I was en route to what felt like the thousandth meeting I had that day, stuck in traffic, sleepy beyond control. My mind drifted off to a cool air-conditioned room and a toddler bed with a handsome little love and a mini ballerina tucked inside. How I wanted to give up everything I had at that moment to snuggle in with them.
I’d like to think that all working moms felt this way – the agitation from having to choose between climbing the corporate ladder or raising a child, the twitch after an award-winning achievement is washed over by the guilt over what we had to sacrifice to get there. And I reminded myself over and over again of why I did what I did.
I realized soon enough that I was tired of playing the pretend game with myself. Sure enough, the thrill of rolling out a new project, the supreme satisfaction that comes with every sales target being achieved, the planning, the meetings, the people – it was one package that revived me. Not to mention the compensation I got that made me feel secure and independent. But I wouldn’t deny that it felt like there was always something more, something bigger.
I focused on purpose and priorities. And after months and months of self-reflecting, self-discovery, and self-convincing, I finally admitted that work has been a part of me for so long that I was afraid of what was going to happen if I had to let it go.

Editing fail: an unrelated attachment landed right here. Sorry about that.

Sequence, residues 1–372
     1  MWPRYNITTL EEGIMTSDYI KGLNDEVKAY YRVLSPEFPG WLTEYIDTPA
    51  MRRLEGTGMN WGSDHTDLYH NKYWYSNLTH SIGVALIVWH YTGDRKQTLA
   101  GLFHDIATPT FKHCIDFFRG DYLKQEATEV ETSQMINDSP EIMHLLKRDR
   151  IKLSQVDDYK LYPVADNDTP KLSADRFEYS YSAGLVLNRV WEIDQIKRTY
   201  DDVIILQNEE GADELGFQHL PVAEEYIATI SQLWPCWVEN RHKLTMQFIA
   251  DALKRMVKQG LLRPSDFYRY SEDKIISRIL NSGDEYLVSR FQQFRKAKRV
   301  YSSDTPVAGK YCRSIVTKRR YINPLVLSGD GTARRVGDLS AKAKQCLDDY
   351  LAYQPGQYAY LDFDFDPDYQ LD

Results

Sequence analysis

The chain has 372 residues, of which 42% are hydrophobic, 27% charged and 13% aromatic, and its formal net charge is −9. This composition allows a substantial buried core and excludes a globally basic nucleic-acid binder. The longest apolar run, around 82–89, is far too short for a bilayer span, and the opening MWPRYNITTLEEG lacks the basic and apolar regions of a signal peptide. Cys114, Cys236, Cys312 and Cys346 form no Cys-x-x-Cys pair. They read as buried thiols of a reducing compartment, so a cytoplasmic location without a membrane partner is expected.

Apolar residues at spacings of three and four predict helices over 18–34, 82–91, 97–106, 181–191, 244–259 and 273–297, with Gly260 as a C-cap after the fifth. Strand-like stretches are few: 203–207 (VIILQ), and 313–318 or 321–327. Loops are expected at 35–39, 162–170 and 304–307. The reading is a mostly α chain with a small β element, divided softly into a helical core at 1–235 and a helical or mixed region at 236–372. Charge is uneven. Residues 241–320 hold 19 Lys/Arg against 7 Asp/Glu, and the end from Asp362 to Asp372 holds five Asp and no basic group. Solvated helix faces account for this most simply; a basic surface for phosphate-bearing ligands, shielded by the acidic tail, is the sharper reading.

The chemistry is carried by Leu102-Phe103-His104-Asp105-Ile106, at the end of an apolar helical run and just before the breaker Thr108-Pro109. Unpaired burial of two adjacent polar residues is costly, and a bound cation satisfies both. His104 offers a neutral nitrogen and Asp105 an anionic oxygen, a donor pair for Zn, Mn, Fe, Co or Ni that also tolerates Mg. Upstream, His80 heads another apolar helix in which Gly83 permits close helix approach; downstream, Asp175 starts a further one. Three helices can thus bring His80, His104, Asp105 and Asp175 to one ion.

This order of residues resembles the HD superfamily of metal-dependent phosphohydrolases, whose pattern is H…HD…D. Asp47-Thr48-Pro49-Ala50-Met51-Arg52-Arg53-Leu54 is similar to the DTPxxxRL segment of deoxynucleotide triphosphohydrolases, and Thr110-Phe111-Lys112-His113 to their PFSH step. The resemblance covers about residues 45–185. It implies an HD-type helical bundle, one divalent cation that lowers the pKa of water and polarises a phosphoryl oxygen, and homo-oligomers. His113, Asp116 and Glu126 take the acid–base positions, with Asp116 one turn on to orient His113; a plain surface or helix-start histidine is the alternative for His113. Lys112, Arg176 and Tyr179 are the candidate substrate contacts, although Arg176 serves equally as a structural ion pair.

It was a liberating statement. And I knew right then what I had to do.
My days are now filled with a whole set of new challenges. Finding creative ways to make the wonderbabies eat their vegetables is one of them. Well there’s that, and helping them to do their homework, potty train, and getting them to say “please” and “thank you”, among other things. And I’m also always on the lookout for new ways to burn their energy after their naps so they can get in some hearty dinners and go to bed on time.
This is a whole new ball game. It’s about learning new things, implementing new kinds of strategies, thinking in a different way, and practicing a new form of self control. (It is often unbelievable how persistent the wonderbabies can be in trying my patience.) It’s about finding out that closing my eyes for a second while I take a deep breath can save my child (and myself) from having an entire day ruined. It’s about setting up that foundation for a lifetime of emotional connection.
Life is a choice. And I know this one is completely worth it.
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